So gear up and get to cooking. We plan on doing just that again this weekend, unless we get walloped by the tropical storm that is currently lurking on the Gulf Coast. Our current forecast is for two to four inches of rain. Guess that’s why I put a roof over my oven.

Brick Oven Tools–Scraper/Brush Combo

A Multi-Tasking Tool

Two essential tools for the efficient use of a Brick Oven are a scraper and a brush. Many people buy them separately, but why? This old US made scraper/brush combo is over fifteen years old, and has years of use left. And I leave it outside hanging on the oven.

Just last weekend I cooked pizza for nine people on the hottest day of the year, with a blazing hot oak/pine fire, and never even broke a sweat. I could do that because of the efficiency of the scraper/brush. Let’s begin with the most useful side–the scraper.

Scraper and Bulldozer

The scraper side serves two important functions, which are scraping, and bulldozing. As a scraper it performs both maintenance and cooking functions. The long handle allows its use as an ash remover, as it reaches all the way to the back of even a large oven. Many modern ovens, like mine, have an ash slot where the remains of yesterday’s fire can be easily scraped away.

Secondly, if you’re making bread or even just baking, the scraper allows one to reposition the fire and/or coals easily, which is a skill that I will address in a later post.

If you’re into pizza or baking, this thing can bulldoze any fire into the back of the oven, which is a necessity when making pizza. Once that is done, it’s time to put the brush to work.

Don’t Brush Your Hair with it

That rather dangerous looking wire brush is really a preliminary clean up tool. It removes most of the ashes from a working fire, as well as small embers and stray pieces of wood. It prepares the surface of the brick oven for the final tool that is needed for the cooking of a pizza–a mop. That will be one of the last two tools I will discuss, but that is a whole another post.

Creole French Bread

Creole French Bread cut into sandwich sized portions

Creole French Bread, also known as New Orleans French Bread, is not really French bread at all. French bread, in the form of the classic baguette, is a simple bread made with salt, yeast, flour and water. Creole French Bread is closer to an Italian bread, in that it is enriched or fortified with some form of fat, and usually a small amount of sugar. (Red Star yeast has an excellent concise run down of what fat adds to a loaf.)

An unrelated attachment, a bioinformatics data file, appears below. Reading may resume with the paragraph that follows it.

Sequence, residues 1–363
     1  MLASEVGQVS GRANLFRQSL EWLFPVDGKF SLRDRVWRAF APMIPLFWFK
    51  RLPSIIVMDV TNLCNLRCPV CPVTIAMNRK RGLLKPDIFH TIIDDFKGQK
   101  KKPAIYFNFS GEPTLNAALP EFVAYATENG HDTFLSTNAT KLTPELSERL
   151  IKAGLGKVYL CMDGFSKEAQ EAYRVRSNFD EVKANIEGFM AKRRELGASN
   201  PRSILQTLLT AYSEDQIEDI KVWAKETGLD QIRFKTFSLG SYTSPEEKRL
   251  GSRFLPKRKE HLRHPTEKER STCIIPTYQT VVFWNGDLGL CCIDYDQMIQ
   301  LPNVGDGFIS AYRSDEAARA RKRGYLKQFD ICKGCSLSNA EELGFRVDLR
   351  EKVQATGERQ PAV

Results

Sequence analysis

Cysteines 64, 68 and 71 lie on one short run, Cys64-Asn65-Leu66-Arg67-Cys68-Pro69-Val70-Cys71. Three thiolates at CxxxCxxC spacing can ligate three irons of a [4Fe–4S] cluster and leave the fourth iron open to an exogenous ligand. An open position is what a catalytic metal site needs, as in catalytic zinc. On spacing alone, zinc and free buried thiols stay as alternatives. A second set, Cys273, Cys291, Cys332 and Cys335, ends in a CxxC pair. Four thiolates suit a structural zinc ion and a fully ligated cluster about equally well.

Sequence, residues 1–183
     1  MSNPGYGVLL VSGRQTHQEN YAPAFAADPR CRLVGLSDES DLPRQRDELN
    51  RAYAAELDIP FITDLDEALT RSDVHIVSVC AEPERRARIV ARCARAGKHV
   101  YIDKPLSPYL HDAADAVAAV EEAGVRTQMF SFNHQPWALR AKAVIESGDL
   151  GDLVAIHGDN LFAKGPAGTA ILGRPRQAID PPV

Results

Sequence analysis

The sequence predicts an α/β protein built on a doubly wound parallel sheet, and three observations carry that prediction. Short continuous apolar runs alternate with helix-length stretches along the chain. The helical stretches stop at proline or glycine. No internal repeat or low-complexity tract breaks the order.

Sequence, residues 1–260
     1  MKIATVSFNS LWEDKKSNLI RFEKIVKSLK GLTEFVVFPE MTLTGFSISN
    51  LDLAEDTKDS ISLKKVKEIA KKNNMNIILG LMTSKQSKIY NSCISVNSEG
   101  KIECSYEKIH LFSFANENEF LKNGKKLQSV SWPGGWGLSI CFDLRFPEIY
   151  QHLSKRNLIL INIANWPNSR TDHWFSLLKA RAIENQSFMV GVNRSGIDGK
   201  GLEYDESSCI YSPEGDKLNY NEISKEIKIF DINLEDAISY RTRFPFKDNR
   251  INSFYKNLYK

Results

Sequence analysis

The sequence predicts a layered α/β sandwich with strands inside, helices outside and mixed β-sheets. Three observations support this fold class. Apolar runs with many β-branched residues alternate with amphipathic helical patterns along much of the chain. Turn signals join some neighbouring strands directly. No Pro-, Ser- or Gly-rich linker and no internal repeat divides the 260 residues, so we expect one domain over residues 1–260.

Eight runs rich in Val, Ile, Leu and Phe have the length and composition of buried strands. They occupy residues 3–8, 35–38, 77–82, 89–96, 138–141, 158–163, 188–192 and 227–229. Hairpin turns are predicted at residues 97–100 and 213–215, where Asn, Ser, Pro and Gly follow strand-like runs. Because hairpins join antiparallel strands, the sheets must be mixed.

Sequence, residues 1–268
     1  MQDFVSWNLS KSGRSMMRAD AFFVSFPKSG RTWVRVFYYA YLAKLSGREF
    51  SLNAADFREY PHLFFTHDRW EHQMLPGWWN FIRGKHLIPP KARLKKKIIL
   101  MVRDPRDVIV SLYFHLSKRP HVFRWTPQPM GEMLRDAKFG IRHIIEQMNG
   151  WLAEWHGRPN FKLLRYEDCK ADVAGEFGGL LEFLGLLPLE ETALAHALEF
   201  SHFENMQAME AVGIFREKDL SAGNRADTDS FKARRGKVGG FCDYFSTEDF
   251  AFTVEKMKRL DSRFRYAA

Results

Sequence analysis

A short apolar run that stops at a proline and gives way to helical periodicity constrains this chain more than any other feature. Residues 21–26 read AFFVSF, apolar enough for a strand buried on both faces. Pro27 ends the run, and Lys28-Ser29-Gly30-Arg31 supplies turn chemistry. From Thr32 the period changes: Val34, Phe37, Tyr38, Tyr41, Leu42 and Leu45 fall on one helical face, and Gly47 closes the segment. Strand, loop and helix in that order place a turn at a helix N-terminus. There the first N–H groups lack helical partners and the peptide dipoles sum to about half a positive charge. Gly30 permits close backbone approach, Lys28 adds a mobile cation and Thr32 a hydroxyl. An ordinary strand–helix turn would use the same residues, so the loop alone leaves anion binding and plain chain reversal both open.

If you do a quick check on the internet, you will find that various recipes for this bread using a number of different fats. Commercial varieties often use vegetable shortening, though one of the most famous ones uses soy oil. Why such cheap ingredients? Because those folks are out to make a buck, and pennies matter. As a home baker not concerned with economies of scale, I use as high a quality of ingredient as possible. The following recipe, which I have made weekly for years, uses olive oil. This will make two baguettes, two po-boy buns, or a small loaf.

Creole French Bread

For the Dough:

1 teaspoon Salt

1 and 1/2 cups of All Purpose or Bread Flour (I like King Arthur Flour)

3/4 cup warm Water

1 tablespoon Olive Oil

For the Yeast:

2 Tablespoons warm Water

1 teaspoon organic Sugar

2 teaspoons instant Yeast (I end up buying two pound bags of Red Star regularly)

I make the dough in our thirty something year old Kitchenaid stand mixer-they weren’t kidding when they printed “Heavy Duty” on the side of the machine. Use the dough hook attachment, and mix until a ball of dough is formed.

The next step is the yeast mixture. I combine the three ingredients in a one cup measurer that I also use for the flour. Stir, and I let it sit until the mixture rises to the top of the measuring cup. That also gives the dough a little time to hydrate. Mix those together with the dough mixture, though a little additional flour is usually necessary to keep the dough from being overly sticky. Now it’s time for the rise.

Southern Appalachian Dough Bowl

Any oiled container will do to hold the dough for the first rise, but old school Southerners insist on wooden dough bowls. This one was made by Loyd George of Decatur, Alabama, out of Tulip Poplar. Cover the dough with a damp kitchen towel, and let rise. How long will depend on the temp of your kitchen. The general rule is to let it double in size, usually around an hour.

For baguettes/po-boy buns, a loaf must be formed by hand. Divide the dough in half, and form into an oval. Fold over once longways, and roll out the loafs from the middle outward. (King Arthur has a great tutorial showing how to do this.) For baguettes, it’s easier to put the loaves in a baguette pan; po-boy buns go onto a baking sheet, and are slightly flattened out. Loafs can go onto a baking sheet or a loaf pan. All must be covered with a towel, and allowed to rise again.

Here’s where the bread paths diverge. I cook po-boy buns at 375 degrees, loaves at 400, and baguettes at 450. Baguettes need to be slashed to keep from splitting open while baking, while slashing is optional for the loaves, and never done with po-boybuns. Cooking times are thirty minutes or more for buns and loaves, and twenty minutes or so for the baguettes.

Slash Patterns on Baguettes, Done with a Serrated Bread Knife

The resulting bread should be crispy crunchy on the outside, and incredibly soft on the inside. The superiority of this bread to any commercial one will become apparent at the first bite. It only stays fresh for about a day, but can be frozen and warmed up with little noticeable change in quality. For one use of this bread, see my post on Creole Onion Soup. You’ll end up neglecting the soup for the bread.